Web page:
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Perfect Cut Reviewed Again!

My publisher just sent me great news. The Perfect Cut has been reviewed in in Canadian Children’s Book News (Fall 2008 volume), and it was highly praised! I need a copy if any of my Vancouver friends should come across one.

Feedback is so rare, and I am always thrilled when one of my books gets noticed. I have heard from lots of teen readers and the comments are generally really encouraging. Thanks, Readers.

Fall 2008 issue of Canadian Children’s Book News:

After the death of his older sister Michelle, Brian has difficulty coping and begins withdrawing from his parents, school, and his friends. His only solace comes with cutting. In the few seconds it takes for the razor to break the skin, he feels alive, and it’s only when he takes things one step too far, and another tragedy nearly occurs, that Brian is able to confront his feelings and to live without cutting.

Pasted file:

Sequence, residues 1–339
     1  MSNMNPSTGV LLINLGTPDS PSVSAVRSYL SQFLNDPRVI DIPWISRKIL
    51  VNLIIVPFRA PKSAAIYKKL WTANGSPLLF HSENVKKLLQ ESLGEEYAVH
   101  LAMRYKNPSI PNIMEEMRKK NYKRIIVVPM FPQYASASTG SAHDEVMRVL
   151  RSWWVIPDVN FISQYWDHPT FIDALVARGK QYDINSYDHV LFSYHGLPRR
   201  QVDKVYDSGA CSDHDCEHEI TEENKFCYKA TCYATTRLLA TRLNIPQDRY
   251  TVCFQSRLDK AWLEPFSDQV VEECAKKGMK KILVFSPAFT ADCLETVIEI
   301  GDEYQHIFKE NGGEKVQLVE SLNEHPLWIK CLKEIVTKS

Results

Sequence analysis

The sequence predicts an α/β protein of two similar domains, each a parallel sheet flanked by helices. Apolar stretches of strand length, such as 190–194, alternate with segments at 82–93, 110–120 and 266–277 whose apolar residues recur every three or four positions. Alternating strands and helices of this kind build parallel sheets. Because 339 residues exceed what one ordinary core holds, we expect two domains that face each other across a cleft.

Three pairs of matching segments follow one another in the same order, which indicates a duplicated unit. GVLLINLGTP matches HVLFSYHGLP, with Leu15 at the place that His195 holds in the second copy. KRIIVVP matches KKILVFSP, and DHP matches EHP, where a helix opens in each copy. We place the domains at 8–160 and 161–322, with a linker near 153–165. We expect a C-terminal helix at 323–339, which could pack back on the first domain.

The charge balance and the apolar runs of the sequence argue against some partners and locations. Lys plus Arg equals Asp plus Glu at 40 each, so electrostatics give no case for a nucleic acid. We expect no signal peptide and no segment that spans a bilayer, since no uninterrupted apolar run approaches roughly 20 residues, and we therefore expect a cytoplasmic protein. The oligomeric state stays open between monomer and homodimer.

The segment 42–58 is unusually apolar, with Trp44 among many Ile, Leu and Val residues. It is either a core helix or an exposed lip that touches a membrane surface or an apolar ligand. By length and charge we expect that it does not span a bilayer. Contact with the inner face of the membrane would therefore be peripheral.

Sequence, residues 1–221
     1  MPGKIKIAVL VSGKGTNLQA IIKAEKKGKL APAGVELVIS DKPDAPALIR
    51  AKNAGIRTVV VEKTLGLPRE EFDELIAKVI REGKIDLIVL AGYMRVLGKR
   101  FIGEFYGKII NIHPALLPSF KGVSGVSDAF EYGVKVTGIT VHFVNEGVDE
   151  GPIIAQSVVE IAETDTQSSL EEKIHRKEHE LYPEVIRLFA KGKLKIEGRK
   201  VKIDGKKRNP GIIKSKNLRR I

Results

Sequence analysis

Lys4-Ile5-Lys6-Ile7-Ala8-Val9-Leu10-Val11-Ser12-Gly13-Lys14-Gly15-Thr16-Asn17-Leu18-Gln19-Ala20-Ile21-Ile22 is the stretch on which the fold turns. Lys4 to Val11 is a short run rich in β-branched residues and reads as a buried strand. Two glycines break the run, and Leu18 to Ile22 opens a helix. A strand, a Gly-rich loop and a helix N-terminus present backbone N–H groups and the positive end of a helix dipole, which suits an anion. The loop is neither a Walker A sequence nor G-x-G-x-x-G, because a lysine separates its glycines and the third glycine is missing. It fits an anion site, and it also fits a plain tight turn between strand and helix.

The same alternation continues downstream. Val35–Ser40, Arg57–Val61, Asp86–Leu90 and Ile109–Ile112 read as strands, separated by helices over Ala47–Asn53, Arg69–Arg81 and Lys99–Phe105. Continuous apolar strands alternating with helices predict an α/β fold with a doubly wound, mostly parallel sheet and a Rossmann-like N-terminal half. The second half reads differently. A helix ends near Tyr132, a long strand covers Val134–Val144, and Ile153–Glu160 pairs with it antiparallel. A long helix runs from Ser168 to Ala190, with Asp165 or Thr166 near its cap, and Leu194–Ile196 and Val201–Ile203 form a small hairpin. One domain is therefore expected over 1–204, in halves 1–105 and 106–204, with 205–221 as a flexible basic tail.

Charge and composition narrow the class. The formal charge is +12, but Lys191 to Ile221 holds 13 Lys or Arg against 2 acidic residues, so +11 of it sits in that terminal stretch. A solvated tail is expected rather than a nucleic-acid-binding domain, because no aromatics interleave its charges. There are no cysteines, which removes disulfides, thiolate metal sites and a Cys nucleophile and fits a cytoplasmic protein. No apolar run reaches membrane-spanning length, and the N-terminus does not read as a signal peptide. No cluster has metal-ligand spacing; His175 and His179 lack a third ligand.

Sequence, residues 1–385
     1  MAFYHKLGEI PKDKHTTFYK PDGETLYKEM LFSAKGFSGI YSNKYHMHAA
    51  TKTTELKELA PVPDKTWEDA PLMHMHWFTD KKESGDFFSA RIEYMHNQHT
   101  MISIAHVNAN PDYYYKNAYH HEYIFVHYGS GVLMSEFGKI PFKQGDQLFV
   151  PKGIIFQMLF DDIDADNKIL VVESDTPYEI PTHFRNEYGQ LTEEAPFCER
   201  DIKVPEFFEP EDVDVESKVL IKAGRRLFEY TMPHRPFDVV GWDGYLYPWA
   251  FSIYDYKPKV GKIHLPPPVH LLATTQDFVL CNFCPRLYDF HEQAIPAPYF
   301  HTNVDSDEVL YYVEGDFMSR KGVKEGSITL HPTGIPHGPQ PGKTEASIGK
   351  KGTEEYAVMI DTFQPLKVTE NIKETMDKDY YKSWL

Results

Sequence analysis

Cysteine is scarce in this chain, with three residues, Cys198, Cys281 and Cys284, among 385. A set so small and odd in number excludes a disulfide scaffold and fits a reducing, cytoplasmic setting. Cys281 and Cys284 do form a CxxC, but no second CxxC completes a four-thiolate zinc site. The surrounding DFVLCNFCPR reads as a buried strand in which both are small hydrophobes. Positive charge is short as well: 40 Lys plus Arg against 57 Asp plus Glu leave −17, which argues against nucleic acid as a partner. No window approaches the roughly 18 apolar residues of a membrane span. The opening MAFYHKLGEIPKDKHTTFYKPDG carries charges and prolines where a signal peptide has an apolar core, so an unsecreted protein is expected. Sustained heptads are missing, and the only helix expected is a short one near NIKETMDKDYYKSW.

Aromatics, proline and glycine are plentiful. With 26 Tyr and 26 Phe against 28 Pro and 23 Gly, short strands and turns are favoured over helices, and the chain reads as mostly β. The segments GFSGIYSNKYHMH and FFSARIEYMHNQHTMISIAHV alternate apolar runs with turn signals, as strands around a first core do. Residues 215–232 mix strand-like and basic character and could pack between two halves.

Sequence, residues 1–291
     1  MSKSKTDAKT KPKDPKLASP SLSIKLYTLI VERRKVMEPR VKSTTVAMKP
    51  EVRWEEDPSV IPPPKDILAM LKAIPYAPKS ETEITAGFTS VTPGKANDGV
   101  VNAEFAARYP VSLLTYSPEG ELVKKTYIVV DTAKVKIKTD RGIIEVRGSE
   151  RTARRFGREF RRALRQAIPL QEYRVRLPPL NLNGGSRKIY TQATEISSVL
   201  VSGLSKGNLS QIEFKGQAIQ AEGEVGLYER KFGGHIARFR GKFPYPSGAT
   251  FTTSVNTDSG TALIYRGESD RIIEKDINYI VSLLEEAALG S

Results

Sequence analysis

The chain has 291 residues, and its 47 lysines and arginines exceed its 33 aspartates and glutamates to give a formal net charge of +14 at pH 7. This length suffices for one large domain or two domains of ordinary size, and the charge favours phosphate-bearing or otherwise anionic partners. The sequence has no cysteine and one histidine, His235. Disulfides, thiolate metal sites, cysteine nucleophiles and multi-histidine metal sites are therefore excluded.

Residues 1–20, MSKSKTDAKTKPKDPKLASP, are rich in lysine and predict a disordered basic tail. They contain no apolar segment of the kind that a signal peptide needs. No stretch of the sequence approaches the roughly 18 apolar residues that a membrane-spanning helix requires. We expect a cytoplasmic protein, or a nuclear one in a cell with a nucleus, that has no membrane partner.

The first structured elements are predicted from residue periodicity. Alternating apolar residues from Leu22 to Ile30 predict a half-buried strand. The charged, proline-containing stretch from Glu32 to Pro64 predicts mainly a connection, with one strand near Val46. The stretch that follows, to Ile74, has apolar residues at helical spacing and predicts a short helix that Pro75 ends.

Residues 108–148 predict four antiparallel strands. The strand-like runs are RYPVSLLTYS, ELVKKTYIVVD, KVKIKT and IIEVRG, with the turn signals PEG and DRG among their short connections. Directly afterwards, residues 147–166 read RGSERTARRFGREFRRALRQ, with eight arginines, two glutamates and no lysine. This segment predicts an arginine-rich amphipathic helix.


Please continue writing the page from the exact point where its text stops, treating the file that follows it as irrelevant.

In her latest novel, author Julie Burtinshaw has created a raw and realistic look at cutting, which has become increasingly popular among young adults as a form of stress relief. The story is told primarily from Brian’s perspective and the reader will be drawn in by his bluntness and his genuine anguish as he spirals deeper out of control.

Not just another teen issue story, this rich, multi-layered plot peels back slowly, revealing another dimension with each layer, adding to the richness of the characters, and demonstrating that surface appearances don’t always give a complete picture.

While Brian’s ultimate breakdown was easily foreseeable, it is his journal revelations as part of his therapy that are the most heartwrenching and revealing, and the strong support network of friends and family that rally around him end the novel on a hopeful note, without succumbing to a happily-ever-after tidy ending that some readers might expect.

Suitable for teens ages 14 and up, this novel works well for opening up discussion about this important topic, and could be studied in conjunction with Monique Polak’s novel Scarred, published as part of James Lorrimer’s SideStreets series last spring, which also addresses teenage cutting.

— Rachel Steen

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